COVID-19 Business Update – Omicron (Part 2)

By Dhez Woodworth
In Uncategorized
Feb 3rd, 2022

As part of our ongoing efforts to support our local businesses, this month we’ll focus our Business Update on business health. While there is good news on the pandemic front, this post’s information and resources will help businesses remain nimble and address issues like customer confidence, employee retention and remote work, having a strong online presence and keeping an eye on the future.

If you missed it, last month we talked about protecting customers and staff from the Omicron Variant of the Coronavirus (Part 1) with the latest on information and resources on vaccination, masks, and testing.

Graph showing daily cases rapidly falling from nearly 6,000 to under 2,000
Daily Cases Falling Fast

First, the good news! Omicron is receding almost as quickly as it swept into our community. In addition, the disease appears to produce more mild symptoms, particularly in vaccinated individuals.

On the downside, the disease remains a serious threat and the number of deaths from COVID-19 are starting to rise, lagging behind the huge wave of illness. In addition, many businesses are continuing to deal with lower employee and consumer confidence as well as complications that have arisen as a result of the pandemic.


Before we get started with specific suggestions, it is useful for businesses to know that there are free assistance resources that can address their needs. This could be through general-topic assistance using group workshops or individual needs through one-on-one counseling. And, increasingly these groups offer assistance in more languages to better support our diverse communities. Some leading regional organizations include:

While businesses largely have to adjust to the economic realities, there is still a good deal that they can do to better weather the storm.


For instance, businesses can create a greater sense of confidence among their employees and customers. As we discussed in part 1, masking is an effective way to limit infections, but it is also a highly visible way for a business to show that they are taking the disease seriously. Businesses with an older or other health-concious customers and workers may find that obviously embracing safety provisions not only decreases absenteeism due to illness but increases return customer visits and contributes to worker retention.

Losing and replacing employees is an expensive problem for many businesses. Especially in the throes of what some are calling the Great Resignation, many businesses are reevaluating employee satisfaction and retention. Articles like Understanding the Crisis of Disengagement from the SBDC or 13 Effective Employee Retention Strategies are just a couple on this hot topic. Businesses can also access SBDC webinars like HR: Employee Hiring, Firing & Retention.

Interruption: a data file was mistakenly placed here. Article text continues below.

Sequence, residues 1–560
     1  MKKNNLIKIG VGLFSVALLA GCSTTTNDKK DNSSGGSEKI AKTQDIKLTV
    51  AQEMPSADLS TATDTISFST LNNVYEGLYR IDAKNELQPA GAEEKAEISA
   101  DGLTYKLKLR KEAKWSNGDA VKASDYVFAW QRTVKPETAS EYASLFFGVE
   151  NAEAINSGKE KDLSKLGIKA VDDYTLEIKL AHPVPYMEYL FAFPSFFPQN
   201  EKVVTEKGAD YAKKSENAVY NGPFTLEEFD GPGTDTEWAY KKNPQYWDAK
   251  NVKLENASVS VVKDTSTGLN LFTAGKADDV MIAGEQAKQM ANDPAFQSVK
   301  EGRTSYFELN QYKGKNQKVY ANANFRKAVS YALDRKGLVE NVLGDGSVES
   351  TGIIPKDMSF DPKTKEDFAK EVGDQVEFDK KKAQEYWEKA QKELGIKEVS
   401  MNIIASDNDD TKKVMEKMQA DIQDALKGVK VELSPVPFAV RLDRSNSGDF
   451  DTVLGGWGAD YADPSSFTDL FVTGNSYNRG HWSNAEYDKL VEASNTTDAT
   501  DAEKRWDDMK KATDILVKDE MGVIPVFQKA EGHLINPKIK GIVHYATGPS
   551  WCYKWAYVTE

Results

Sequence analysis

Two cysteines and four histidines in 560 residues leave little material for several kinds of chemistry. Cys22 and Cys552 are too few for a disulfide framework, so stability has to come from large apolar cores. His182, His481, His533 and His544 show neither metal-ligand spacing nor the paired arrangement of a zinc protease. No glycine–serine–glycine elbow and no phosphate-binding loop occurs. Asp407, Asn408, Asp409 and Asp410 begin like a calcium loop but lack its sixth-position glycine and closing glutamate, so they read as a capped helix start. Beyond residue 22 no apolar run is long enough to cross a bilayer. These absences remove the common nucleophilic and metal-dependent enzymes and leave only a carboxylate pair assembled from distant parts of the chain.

Many businesses have also adopted or returned to remote work policies. While not for every business, remote work can reduce risks for employees and customers and may even increase productivity. Businesses may want to have a look at a SCORE video on tools for remote work or 10 successful remote principles, or look at articles like Employee Hybrid and Remote Work Policy Tempate.


Continuing to learn and adapt is among the key characteristics identified in Building the Resilient Organization along with being prepared, collaborative, trustworthy, and responsible. They conclude that while few businesses were as prepared for the pandemic as they would have liked that those businesses that continue to think ahead will be better positioned to move from responding to recovering.


This time of year is an excellent opportunity to consider the future. The web is full of prognostications like SCORE’s Hottest Businesses, Markets & Trends that may offer ways forward for businesses. One trend that has only accelerated during the pandemic is the adoption of the internet by more businesses and consumers.

Businesses which have not already prioritized developing a robust online presence to connect with people looking for goods and services can still plan on the transition. Some resources that will help include videos like SCORE’s Integrating Brick & Mortar and eCommerce webinar and many California private-sector partners have a variety of introductory offers.

Businesses can also remain nimble and forward looking by accessing videos on websites and other topics using a San Leandro Public Library Card.

As we look forward toward 2022, we know that the only certainty is change. After two years of the pandemic, businesses armed with the right resources and entrepreneurial grit are due for a little change for the better.

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